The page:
February 23, 2010
Written by Sherrel Jones
Winona LaDuke’s address is part of a day-long celebration sponsored by the Women's Studies Program.
Internationally renowned Anishinaabe activist Winona LaDuke will serve as keynote speaker March 5 at Texas Tech’s 26th Annual All-University Conference on the Advancement of Women in Higher Education.
The conference, sponsored by the Women’s Studies Program and titled “Regarding Nature: Gender, Identity, and Ecologies of Change,” is part of a day-long celebration recognizing and promoting contributions by, for and about women within higher education.
LaDuke is working on issues of sustainable development, renewable energy and food systems. She lives and works on the White Earth reservation in northern Minnesota, and is a two-time vice presidential candidate with Ralph Nader for the Green Party. As program director of Honor the Earth, she works nationally and internationally on the issues of climate change, renewable energy and environmental justice with indigenous communities.
In 2007, LaDuke was inducted into the National Women’s Hall of Fame, recognizing her leadership and community commitment. In 1994, LaDuke was nominated by Time magazine as one of America’s 50 most promising leaders less than 40 years of age. She was awarded the Thomas Merton Award in 1996, Ms. Woman of the Year (with the Indigo Girls in l997), and the Reebok Human Rights Award, with which she began the White Earth Land Recovery Project. The White Earth Land Recovery Project has won many awards, including the prestigious 2003 International Slow Food Award for Biodiversity, recognizing the organization’s work to protect wild rice from patenting and genetic engineering.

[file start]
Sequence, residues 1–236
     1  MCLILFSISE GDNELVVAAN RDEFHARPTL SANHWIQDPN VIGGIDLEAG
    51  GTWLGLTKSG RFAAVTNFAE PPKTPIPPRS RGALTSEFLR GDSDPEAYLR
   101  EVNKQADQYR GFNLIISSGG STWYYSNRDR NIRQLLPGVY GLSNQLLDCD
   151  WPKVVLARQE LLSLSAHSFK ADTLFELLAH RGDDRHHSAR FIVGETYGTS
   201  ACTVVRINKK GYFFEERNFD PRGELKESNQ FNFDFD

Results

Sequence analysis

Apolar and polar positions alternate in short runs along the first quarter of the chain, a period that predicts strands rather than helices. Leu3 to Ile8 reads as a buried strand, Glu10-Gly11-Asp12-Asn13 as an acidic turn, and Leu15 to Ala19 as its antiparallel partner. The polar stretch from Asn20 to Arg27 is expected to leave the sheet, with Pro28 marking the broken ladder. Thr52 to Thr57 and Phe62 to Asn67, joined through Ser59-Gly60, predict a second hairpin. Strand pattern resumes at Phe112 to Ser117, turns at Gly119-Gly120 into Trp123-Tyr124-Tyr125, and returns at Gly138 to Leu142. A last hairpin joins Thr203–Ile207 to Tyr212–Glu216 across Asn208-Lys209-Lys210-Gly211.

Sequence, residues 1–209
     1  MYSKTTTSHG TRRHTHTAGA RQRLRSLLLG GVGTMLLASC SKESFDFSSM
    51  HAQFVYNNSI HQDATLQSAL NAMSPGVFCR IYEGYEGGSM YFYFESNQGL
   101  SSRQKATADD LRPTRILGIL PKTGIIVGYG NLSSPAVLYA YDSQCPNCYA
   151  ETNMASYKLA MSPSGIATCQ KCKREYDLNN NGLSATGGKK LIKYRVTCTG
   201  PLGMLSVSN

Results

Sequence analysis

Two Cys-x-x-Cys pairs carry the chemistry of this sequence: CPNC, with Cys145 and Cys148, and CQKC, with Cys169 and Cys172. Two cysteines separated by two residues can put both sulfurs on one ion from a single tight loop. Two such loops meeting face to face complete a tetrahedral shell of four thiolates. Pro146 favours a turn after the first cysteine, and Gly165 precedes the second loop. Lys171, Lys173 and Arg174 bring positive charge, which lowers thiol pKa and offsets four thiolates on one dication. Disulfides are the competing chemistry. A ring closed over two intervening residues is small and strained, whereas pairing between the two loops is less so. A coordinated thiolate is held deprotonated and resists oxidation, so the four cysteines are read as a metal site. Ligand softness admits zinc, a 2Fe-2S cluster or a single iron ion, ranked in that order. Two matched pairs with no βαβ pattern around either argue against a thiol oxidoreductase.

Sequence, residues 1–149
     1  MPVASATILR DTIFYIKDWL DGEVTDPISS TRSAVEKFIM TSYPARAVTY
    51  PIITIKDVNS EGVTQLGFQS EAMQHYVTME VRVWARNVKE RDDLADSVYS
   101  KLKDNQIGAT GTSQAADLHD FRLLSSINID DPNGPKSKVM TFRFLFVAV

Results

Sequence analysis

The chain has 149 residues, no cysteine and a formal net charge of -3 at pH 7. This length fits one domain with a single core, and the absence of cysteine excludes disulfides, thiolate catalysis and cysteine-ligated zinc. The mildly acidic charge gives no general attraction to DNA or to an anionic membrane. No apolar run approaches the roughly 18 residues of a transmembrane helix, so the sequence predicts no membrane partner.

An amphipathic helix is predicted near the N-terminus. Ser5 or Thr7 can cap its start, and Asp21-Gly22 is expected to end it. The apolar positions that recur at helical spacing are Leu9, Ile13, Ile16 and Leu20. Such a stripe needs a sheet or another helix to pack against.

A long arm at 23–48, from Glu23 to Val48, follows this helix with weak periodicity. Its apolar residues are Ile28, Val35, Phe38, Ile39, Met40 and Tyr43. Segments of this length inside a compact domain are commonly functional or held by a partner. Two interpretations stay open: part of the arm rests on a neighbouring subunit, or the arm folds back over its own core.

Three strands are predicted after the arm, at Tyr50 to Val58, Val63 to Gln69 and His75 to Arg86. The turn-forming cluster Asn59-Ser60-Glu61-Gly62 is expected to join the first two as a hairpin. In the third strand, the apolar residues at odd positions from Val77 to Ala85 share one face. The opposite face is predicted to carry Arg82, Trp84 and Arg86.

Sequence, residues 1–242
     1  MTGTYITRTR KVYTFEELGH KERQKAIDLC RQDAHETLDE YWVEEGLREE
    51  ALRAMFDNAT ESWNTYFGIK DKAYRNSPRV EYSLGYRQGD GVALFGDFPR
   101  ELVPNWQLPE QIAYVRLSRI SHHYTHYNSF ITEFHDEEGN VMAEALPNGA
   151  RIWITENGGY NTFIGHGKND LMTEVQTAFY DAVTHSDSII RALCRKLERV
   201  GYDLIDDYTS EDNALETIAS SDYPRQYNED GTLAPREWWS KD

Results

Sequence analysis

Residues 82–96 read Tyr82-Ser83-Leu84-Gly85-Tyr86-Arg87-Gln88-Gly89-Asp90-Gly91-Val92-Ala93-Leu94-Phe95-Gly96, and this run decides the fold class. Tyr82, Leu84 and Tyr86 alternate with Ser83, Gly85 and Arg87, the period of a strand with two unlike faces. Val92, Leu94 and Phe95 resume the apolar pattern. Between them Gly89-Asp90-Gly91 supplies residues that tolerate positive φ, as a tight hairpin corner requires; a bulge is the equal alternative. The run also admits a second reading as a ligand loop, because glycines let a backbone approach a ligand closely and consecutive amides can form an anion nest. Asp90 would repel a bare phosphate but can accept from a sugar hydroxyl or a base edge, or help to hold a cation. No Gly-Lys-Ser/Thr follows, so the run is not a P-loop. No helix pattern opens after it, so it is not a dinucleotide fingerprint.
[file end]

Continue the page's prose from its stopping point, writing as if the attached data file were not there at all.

A graduate of Harvard and Antioch Universities, LaDuke has written extensively on Native American and environmental issues. She is the author of five books, including Recovering the Sacred, All our Relations and a novel, Last Standing Woman.
She is a former board member of Greenpeace USA and is presently an advisory board member for the Trust for Public Lands Native Lands Program as well as a board member of the Christensen Fund. She is widely recognized for her work on environmental and human rights issues.
Prior to LaDuke’s speech, “Voices of Feminism” will begin 5 p.m. at the Student Union Building in the Matador Room. As a celebration of Women’s History Month, “Voices of Feminism” will reflect on writings by women who speak about issues of concern for all.
Started in 1981, the Women's Studies Program is an interdisciplinary program that examines the cultural and social construction of gender, explores the history, experiences and contributions of women to society, and studies the influences of gender on the lives of women and men. The program emphasizes critical thinking across disciplines vital to success during and following formal education.
Texas Tech offers a minor in Women's Studies. Goals of the minor include helping students interpret concepts of gender and gendered identities in different social, cultural and political contexts.
The program is administered by the Director of Women's Studies. A minor in Women's Studies consists of 18 hours of courses as approved by the director.Twitter